infringe on civil liberties and could not be introduced
into Britain as the government would veto any such move.
- The House of Lords is the
only public body in Britain to have reviewed CJ in detail
(HofL 9th and 19th Reports, 1998/99 session).
Some of the findings were:
1. They interviewed two EU representatives
who stated that CJ could, and will, be introduced under
Article 280 of the Amsterdam Treaty (pages 84 and 85,
9th Report). Article 280 provides for Qualified Majority
Voting so Britain will have no veto.
2. Advice from the Law Societies
of both England and Scotland stated that CJ was unacceptable
3. In the second HofL report
on page 73 Jack Straw, Home Secretary, stated that he
was unaware of any proposals for the introduction of Justice
& Home Affairs measures by Qualified Majority Voting
- presumably he never read the earlier report!
When may CJ be introduced?
- Basically at any time now
that the new European Commission has been established.
- In March the European Parliament
"welcomed CJ" in principle with support from all Britain's
MEPs bar two Labour MEPs. Subsequently the Conservative
MEPs claimed that they had voted the wrong way by mistake!
Presumably the Labour and LibDem MEPs meant to support
the CJ proposals, although Blair has not yet been asked
why his MEPs all flouted his government's stated policy
which is to reject CJ. One of the motions approved stated
that CJ could be applied to 'serious crimes', undefined
of course, opening the door to CJ being applied to areas
outside EU fraud.
- On 11th September the Wise
Men, who had previously revealed fraud in the European
Commission, recommended that CJ be introduced in a three
step programme - clearly designed to sugar the pill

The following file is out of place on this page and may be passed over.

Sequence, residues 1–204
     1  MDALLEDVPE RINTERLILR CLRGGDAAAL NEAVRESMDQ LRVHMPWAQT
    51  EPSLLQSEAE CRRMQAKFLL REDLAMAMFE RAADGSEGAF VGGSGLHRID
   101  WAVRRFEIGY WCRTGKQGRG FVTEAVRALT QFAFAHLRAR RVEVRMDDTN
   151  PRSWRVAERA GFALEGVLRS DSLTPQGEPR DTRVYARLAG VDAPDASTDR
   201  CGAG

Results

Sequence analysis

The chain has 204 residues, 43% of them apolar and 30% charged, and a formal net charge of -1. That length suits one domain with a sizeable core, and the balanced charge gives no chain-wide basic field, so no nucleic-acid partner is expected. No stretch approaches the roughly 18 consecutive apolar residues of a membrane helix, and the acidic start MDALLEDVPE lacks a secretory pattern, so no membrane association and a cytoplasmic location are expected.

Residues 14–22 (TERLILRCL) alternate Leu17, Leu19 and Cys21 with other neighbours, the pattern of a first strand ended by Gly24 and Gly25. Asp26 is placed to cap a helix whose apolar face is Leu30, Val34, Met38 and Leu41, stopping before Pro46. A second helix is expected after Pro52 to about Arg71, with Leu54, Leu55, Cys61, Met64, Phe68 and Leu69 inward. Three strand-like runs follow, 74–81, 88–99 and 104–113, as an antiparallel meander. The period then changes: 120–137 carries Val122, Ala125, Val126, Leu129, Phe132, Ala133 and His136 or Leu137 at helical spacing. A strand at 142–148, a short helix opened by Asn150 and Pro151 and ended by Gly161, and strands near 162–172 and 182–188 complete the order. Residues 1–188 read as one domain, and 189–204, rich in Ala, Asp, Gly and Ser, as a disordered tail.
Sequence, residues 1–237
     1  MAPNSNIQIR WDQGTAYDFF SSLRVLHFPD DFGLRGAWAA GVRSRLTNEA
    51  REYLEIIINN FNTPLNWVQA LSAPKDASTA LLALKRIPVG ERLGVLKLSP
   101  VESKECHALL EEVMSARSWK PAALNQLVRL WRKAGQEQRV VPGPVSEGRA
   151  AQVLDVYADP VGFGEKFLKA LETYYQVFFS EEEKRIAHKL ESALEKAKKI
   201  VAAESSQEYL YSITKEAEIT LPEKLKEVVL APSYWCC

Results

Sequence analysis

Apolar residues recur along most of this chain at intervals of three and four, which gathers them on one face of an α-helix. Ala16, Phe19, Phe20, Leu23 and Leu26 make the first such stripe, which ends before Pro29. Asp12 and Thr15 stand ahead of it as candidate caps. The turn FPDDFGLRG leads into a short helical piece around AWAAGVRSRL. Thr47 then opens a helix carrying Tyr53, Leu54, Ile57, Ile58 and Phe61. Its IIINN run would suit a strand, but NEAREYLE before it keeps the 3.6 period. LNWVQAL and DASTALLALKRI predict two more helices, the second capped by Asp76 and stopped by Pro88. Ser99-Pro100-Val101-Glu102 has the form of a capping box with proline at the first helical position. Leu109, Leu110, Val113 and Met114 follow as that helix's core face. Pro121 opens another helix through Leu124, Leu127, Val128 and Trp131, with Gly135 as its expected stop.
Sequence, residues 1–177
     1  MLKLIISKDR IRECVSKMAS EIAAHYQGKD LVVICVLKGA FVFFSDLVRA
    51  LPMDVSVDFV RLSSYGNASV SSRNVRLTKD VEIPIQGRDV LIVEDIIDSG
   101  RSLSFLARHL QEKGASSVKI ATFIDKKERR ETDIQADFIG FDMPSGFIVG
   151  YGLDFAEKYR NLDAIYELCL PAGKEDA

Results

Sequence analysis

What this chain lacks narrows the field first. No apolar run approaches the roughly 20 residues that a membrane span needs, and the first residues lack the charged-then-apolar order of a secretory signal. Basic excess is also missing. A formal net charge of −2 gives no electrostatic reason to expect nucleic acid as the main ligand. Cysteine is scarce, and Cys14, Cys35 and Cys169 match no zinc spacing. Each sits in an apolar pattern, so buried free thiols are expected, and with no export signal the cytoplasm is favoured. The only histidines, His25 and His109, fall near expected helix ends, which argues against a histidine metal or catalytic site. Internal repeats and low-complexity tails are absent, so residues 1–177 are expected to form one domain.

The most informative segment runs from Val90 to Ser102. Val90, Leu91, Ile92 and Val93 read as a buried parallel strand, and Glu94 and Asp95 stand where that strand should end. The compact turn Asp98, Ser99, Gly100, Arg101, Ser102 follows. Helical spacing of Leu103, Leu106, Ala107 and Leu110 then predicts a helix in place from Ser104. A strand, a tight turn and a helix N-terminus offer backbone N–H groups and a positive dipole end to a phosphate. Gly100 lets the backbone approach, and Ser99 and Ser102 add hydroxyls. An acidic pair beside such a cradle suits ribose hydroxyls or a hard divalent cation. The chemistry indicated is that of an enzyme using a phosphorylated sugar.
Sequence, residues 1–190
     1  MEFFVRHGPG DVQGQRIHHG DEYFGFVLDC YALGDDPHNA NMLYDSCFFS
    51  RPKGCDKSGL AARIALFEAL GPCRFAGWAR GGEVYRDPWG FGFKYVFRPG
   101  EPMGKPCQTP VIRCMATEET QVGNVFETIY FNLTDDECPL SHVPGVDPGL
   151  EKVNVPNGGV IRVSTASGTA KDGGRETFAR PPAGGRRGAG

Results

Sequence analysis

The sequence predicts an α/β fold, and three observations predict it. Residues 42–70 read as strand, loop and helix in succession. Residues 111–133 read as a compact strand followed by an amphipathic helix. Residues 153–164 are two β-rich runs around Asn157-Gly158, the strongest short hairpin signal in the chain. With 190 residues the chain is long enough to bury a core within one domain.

so that the British will swallow it:
1. Step 1: should just apply
to the European Commission and its employees
2. Step 2: establish a Prosecutor's
office in each member state to work with the national
police & courts
3. Step 3: link the central
and peripheral offices and establish a European Prosecutor's
office after holding an Intergovernmental Conference which
would clearly be to ratify the introduction of CJ
- The next European Council
of Heads of State & Government takes place in Finland
on 15/16 October 1999. On the agenda is the creation
of a "single judicial space" - i.e. all of the above.
Can CJ be stopped?
On the face of it - probably
not. CJ can be brought in regardless of whether we adopt
the Euro or not A compromise proposal appears to be on
the table from Britain which would introduce the concept
of 'mutual recognition' of every EU country's legal decisions
by criminal courts. This proposal would remove our Habeas
Corpus safeguards and we would accept that a judge in
another EU country could order the arrest of a UK citizen
on UK soil under their laws, without having to produce
any evidence (in fact this situation already exists in
the case of extradition within the EU) or any formality
whatsoever (it is still possible to produce arguments
to resist extradition requests. This last possibility
will be eliminated) CJ is coming whatever our government
may say. It looks likely that it will be introduced in
the time-honoured EU fashion - by stealth. Initially it
may well look innocuous, indeed even desirable. After
all, who is going to stand up and say that fraud with
the European Commission itself should not be tackled?
Once the principal has been accepted then it will be much
easier for them to apply it as an overall EU Code of Criminal
Law. If CJ is imposed and Britain refuses to accept then
the issue will go before the European Court of Justice
which surely will uphold the majority decision to introduce
it under Article 280 of the Amsterdam Treaty.
What can be done about this?
As with so many dickats from
Brussels CJ is following a well worn path: a secretive
start to the proposal, then disclosure by a whistle blower,
then government and often EU denials ("it is only a discussion
paper" - "nothing to worry about" - "we can stop it anyway"),
followed by its introduction into legislation by stealth;
and then, when the full horror is revealed, a shrug of
the shoulders ("well, it is too late now to do anything")
So what can be done?
- Write to the press, nationally
(especially the Sun) and local newspapers
- Complain to your MP and MEP,
and demand that they state their position on CJ
- Speak to local lawyers
- Keep up-to-date by following
CJ developments in the press
- On the internet follow CJ
developments on EuroFAQ
- Write to friends and relatives
in the USA and Commonwealth, tell them to alert their
4 October 1999
Corpus Juris - the European
Union proposal to abolish trials by jury